For the first time in 26 years, seven Sumatran rhinos were filmed on hidden cameras this week in an Indonesian national park. Some feared the critically endangered species had become extinct in the region.
Experts believe there are less than 200 Sumatran rhinos left in the world, but on Thursday seven of them were sighted in the Mount Leuser National Park in Indonesia. It is the first sighting in 26 years. The group of six females and one male were caught on infrared cameras set up in the northern tip of the park.
“This discovery can allay doubts over the rhino’s presence in the park,” Tarmizi, team leader of the Leuser International Foundation told AFP. He added he hoped the discovery would encourage more efforts to conserve the species.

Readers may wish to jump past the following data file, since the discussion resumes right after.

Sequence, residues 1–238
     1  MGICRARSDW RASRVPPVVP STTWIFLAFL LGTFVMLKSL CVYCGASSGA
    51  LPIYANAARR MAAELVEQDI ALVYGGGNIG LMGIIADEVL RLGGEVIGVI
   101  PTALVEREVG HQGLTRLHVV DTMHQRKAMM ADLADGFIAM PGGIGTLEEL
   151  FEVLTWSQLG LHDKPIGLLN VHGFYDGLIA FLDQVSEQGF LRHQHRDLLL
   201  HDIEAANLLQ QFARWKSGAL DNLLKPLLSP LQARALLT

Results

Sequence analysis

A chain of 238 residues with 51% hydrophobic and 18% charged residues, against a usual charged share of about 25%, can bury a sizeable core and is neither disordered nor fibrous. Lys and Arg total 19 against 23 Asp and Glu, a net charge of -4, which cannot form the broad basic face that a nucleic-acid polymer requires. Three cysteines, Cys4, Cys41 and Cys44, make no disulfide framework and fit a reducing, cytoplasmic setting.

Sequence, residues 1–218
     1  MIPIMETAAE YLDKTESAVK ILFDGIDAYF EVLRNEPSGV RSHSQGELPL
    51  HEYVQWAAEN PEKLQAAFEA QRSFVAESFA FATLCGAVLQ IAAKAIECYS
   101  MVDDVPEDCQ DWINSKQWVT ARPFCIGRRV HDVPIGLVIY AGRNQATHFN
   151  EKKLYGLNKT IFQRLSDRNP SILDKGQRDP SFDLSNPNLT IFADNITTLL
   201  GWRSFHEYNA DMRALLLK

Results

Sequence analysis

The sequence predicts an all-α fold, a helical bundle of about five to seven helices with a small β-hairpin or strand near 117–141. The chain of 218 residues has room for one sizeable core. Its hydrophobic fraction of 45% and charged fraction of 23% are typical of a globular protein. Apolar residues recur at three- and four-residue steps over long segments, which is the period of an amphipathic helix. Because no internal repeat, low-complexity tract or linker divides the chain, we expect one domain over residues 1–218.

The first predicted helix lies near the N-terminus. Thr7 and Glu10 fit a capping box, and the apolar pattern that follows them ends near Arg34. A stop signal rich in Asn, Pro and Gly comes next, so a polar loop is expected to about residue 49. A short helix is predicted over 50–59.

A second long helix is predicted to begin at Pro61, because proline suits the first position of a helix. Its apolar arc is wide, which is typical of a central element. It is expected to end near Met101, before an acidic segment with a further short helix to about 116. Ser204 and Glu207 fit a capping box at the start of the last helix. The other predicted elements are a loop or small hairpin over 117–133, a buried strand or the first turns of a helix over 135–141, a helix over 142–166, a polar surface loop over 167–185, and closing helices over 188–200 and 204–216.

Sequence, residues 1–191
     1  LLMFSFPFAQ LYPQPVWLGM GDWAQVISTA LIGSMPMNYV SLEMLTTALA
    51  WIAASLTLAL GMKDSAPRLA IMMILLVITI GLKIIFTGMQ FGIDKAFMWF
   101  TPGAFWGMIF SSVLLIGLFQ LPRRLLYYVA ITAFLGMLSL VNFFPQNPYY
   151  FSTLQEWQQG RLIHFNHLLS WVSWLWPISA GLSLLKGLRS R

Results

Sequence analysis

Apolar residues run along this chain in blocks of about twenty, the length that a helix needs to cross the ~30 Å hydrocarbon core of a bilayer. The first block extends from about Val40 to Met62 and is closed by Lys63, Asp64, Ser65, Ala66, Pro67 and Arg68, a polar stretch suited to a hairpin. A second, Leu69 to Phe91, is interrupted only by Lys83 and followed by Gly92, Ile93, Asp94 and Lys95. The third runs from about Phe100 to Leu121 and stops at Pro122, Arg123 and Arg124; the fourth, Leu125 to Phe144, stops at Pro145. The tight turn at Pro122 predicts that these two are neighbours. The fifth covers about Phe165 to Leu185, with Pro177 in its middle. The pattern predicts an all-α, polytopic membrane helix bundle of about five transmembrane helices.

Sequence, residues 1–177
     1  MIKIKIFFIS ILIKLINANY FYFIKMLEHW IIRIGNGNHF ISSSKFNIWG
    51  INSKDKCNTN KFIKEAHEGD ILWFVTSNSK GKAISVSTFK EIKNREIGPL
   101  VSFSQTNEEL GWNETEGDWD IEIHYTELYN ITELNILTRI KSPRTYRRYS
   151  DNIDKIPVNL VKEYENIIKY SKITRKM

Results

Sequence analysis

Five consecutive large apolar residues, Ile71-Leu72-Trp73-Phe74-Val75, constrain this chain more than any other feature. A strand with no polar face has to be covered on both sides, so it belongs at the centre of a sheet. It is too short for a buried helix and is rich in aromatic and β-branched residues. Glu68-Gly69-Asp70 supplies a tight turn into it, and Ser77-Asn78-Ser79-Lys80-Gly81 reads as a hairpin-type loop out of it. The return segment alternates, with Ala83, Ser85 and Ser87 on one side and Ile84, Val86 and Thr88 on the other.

The Leuser International Foundation set up the cameras late last year in two locations in the park where they thought the rhinos might be living.
“The team brilliantly acquired more than 1,000 images showing the Sumatran rhinos in excellent condition,” said LIF.
“We hope that this number can increase when we finish our survey at several other locations.” The researchers are optimistic they will eventually find an estimated 25 rhinos.
Sumatran rhinos, which are the smallest of their species, have dropped in population by 50 percent over the past 20 years due to poachers and the logging industry that has destroyed much of their habitat.
The LIF team ran into indications of illegal forest activity that could threaten the survival of the rhino and other animals during their study. With evidence on film, authorities will now be better prepared to stop the poachers and loggers.
The LIF study was funded by the US Fish and Wildlife Service. Mount Leuser National Park is home to 710 animal species, with 180 of them declared endangered. It is the only place where the Sumatran rhino, Sumatran orangutan, Sumatran tiger, Sumatran elephant and Malayan sun bear all live side-by-side. All are on the endangered list.
In June a baby Sumatran rhino was born in captivity. It is the fourth birth in more than a century.
Photo Credit: InternationalRhinoFoundation